The Norwin school board will ask the U.S. Air Force for a feasibility study to determine whether the district should implement a Junior ROTC program for students in grades nine through 12.
The board voted unanimously Monday to apply for the study.
Superintendent William Kerr said the feasibility study will determine student interest. At least 100 students would need to sign up for Junior ROTC, which would be a voluntary elective course, before it would be implemented.
Mr. Kerr said the district will probably not wait until the April 2013 deadline to apply.
On Monday, Senior Master Sergeant Otis DiCerbo and Major Scott Harbula of the West Mifflin Area High School Air Force JROTC program and about 12 students in the program gave a presentation on Junior ROTC to Norwin school directors and administrators.
The program "provides many learning opportunities for students that might not be offered otherwise," and helps pupils learn leadership skills, Mr. Kerr said.
According to a press release from the district, the Junior ROTC curriculum is 40 percent aerospace science, 40 percent leadership education and 20 percent physical fitness. The curriculum would emphasize Air Force traditions and instruction on the development of flight, space exploration, military aerospace policies and applied flight sciences.
If enough students show interest and if the Air Force approves the program, it would be offered in fall of 2014.
During Monday's voting meeting, the board also approved the creation of a superintendent's task force for the efficient use of district resources.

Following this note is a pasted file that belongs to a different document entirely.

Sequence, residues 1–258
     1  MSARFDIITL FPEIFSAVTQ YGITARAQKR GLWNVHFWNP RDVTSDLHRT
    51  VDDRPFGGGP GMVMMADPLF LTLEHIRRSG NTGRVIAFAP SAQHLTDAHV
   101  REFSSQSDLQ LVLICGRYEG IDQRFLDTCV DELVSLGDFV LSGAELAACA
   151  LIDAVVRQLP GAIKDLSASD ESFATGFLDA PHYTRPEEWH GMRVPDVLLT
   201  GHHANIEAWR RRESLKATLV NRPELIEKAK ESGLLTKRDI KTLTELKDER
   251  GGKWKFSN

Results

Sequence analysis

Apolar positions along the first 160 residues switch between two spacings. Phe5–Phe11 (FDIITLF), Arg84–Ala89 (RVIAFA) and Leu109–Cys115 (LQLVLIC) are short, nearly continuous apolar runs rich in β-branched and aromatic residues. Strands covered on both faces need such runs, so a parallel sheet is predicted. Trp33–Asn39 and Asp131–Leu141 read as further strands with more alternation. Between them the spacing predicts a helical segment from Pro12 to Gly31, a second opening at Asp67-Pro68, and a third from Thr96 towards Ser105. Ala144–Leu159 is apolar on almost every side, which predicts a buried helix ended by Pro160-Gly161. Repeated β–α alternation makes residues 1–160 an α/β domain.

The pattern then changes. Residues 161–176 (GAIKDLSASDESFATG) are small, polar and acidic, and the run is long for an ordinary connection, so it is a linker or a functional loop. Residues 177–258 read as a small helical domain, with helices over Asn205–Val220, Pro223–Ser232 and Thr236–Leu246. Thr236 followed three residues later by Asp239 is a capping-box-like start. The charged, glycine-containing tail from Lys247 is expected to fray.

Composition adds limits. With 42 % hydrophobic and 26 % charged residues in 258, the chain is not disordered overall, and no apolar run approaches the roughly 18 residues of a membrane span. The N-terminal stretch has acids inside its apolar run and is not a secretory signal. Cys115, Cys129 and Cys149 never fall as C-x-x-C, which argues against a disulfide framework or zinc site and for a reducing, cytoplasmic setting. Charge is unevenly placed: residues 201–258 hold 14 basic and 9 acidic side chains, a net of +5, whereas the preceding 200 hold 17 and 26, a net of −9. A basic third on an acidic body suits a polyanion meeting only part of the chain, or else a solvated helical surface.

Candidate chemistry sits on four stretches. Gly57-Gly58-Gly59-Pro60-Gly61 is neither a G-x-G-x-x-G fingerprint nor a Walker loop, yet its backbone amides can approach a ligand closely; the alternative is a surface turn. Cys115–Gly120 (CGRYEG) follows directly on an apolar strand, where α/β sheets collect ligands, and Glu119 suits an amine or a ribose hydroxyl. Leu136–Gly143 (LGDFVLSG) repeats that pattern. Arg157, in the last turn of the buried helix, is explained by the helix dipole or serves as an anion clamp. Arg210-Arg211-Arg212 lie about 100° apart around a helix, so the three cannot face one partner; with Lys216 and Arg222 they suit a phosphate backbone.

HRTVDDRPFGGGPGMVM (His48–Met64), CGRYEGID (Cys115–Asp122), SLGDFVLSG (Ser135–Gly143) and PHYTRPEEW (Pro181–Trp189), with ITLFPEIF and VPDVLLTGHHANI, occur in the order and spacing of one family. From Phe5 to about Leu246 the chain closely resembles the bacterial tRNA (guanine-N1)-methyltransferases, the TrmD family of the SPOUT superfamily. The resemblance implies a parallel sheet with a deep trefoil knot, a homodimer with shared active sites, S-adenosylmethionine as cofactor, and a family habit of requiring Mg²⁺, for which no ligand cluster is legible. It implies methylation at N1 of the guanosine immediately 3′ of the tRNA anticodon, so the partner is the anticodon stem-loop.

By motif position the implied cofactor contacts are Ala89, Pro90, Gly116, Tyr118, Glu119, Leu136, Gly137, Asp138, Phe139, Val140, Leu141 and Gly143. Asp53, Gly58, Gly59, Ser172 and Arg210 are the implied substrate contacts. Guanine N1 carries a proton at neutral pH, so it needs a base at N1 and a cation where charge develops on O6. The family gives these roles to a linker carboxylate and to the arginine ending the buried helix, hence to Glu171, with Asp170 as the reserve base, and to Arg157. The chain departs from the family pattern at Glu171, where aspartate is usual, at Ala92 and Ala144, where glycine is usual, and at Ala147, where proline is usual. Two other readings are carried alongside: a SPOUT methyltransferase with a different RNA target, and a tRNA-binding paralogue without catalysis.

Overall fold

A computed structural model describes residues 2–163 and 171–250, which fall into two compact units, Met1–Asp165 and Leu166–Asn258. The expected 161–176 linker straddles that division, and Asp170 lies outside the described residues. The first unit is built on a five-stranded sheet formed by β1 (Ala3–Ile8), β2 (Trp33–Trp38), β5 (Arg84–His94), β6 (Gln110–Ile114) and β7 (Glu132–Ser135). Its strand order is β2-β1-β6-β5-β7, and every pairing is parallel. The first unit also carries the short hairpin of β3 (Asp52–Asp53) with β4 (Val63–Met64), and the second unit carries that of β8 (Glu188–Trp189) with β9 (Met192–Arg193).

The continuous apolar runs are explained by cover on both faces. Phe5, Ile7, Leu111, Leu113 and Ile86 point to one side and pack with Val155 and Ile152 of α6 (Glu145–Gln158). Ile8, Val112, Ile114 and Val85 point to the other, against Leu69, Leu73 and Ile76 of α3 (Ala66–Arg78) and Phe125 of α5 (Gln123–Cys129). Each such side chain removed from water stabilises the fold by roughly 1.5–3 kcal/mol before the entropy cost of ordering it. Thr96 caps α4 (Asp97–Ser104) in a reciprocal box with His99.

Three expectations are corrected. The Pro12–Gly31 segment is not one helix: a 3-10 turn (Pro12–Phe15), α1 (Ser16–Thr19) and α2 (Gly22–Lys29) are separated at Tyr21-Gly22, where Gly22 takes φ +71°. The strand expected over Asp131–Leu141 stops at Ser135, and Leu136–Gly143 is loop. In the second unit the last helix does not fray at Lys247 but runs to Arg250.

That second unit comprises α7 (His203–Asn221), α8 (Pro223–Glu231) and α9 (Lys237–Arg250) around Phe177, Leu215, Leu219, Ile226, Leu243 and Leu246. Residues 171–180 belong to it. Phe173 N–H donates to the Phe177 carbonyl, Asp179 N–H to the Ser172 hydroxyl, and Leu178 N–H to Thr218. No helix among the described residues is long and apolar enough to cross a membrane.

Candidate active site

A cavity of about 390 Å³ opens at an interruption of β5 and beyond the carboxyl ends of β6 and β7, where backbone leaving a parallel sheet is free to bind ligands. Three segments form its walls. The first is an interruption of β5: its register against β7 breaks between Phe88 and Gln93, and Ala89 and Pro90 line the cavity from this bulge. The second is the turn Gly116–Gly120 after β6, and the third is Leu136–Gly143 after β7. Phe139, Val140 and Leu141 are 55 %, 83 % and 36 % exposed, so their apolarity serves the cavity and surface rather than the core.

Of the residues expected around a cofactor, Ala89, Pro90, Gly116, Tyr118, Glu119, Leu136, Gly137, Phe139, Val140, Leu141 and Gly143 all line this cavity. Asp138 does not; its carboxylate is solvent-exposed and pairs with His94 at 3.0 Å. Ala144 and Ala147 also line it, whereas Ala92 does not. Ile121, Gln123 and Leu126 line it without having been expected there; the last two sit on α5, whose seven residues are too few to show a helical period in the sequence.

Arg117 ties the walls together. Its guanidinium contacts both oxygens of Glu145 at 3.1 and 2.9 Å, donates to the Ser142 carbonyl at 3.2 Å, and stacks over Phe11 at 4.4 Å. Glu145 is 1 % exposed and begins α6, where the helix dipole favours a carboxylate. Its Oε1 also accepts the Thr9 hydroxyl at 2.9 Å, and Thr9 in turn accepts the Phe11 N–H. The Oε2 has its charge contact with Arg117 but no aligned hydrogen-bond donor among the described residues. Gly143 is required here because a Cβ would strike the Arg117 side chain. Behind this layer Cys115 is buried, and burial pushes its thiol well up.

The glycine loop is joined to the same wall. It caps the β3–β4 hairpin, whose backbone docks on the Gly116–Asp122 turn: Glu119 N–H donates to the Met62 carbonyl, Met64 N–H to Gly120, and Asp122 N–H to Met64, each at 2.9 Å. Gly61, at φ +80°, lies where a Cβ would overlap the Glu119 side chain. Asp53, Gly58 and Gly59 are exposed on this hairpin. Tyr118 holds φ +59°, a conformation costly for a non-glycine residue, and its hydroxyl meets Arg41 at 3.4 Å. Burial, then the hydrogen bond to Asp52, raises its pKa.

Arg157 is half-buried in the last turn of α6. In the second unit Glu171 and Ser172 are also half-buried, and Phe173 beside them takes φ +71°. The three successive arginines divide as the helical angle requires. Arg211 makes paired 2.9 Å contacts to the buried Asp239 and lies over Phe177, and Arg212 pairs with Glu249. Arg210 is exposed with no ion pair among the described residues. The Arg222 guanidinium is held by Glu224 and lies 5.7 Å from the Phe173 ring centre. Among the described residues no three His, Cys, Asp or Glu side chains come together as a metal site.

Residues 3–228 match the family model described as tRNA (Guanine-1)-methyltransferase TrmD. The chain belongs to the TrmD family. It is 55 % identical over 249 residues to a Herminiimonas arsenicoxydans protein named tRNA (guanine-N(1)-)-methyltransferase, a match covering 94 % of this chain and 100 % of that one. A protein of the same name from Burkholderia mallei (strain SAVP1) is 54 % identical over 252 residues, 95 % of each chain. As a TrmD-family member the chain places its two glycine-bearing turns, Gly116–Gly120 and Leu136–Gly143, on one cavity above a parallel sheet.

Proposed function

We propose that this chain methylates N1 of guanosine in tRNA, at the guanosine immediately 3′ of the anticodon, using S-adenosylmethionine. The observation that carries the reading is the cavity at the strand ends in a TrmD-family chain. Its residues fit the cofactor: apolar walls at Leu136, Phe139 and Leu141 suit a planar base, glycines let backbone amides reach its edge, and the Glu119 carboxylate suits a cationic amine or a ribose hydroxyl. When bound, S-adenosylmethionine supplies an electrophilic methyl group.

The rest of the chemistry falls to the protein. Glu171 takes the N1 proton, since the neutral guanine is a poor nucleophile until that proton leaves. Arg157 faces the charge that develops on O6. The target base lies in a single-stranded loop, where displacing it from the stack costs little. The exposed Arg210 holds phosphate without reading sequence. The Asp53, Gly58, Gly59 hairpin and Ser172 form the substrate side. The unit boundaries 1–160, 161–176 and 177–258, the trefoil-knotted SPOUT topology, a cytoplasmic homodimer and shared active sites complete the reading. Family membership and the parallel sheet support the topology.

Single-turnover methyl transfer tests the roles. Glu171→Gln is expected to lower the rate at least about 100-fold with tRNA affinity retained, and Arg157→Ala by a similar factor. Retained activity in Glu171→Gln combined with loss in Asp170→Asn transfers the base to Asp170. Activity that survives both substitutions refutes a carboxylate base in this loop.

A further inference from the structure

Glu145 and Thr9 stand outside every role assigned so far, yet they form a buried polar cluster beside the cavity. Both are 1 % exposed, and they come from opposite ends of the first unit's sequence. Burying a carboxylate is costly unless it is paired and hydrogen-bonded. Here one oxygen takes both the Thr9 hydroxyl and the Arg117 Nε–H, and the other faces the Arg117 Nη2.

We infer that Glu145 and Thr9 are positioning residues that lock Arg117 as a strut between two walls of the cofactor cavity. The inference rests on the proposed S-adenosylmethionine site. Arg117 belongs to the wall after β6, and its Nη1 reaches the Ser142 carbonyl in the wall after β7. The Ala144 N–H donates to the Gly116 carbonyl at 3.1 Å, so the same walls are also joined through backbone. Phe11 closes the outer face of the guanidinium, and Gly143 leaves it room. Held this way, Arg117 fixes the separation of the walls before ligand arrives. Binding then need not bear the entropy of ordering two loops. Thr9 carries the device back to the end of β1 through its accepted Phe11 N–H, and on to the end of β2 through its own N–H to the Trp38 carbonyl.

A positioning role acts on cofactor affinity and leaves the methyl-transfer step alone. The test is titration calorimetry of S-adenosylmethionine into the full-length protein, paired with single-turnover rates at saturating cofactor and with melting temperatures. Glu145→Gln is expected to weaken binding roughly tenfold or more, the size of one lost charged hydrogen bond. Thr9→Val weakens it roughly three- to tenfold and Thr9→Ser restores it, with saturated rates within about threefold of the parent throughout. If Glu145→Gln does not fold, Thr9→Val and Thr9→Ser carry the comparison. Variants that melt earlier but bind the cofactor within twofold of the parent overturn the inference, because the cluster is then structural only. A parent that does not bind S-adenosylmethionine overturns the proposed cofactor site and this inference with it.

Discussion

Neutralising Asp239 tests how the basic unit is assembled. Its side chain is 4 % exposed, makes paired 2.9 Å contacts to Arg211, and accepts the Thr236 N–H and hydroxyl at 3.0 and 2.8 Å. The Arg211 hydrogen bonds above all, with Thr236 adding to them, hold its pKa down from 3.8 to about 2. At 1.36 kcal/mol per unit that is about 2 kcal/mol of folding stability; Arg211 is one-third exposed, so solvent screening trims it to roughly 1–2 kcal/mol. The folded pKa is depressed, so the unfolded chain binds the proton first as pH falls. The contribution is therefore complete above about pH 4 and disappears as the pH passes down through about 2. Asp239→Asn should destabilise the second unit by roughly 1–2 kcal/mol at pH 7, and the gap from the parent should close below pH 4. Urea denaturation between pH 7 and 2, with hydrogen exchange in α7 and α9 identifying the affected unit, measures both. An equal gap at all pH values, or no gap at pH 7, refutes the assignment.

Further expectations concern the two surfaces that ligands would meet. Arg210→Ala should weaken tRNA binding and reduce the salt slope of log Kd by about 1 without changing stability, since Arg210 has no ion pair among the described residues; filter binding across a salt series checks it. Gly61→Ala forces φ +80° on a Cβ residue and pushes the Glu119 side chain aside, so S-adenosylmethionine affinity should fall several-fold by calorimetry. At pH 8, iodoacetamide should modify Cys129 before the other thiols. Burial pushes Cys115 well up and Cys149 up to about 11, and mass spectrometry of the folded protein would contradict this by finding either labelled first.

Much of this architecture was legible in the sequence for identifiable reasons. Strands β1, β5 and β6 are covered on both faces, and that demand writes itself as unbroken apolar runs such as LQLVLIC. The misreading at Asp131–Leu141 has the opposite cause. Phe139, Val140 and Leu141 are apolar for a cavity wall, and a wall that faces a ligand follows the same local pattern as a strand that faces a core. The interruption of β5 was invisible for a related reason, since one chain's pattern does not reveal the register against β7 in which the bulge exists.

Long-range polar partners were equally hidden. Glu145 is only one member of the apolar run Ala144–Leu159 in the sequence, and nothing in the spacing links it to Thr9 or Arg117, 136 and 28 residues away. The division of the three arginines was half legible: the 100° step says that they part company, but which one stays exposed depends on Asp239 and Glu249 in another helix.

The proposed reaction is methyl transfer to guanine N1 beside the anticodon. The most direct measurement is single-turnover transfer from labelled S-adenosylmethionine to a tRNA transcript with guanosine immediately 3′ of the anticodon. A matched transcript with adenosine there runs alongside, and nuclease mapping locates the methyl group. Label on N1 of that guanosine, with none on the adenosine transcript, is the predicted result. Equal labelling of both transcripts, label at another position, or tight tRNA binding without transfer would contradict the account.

Mr. Kerr said the task force will focus on cutting costs in every aspect of the budget. Mr. Sturm said the district was able to cut costs during the last two years without reducing academic offerings, but the cuts weren't easy.
Discussion in the workshop session before the meeting, focused on changes in the PSSA tests and Keystone exams.
Tracy McNelly, assistant superintendent of secondary education, said the 11th grade PSSA test will be replaced with a Keystone exam.
Ms. McNelly said she likes the Keystone exams better than the old PSSA tests, because the Keystones are given at the end of a course.
When passage of the Keystone exams was made part of requirements for a high school diploma, critics said some students have significant test anxieties that prevent them from doing well on exams, regardless of their I.Q. or learning achievements.
Critics of the change in graduation requirements said each student's academic record should determine whether he or she graduates, and that no student should be denied a high school diploma because of the results of a single test.
Board Vice President Thomas Sturm expressed a similar concern.
"Theoretically, you could have kids who have a passing grade in the course who fail to graduate," he said.
Mrs. McNelly said students who do not test well will have a number of opportunities to take the Keystone exam. If a student fails to pass it twice, the student will be allowed to do an online project in place of the exam, she said.
Anne Cloonan, freelance: email@example.com.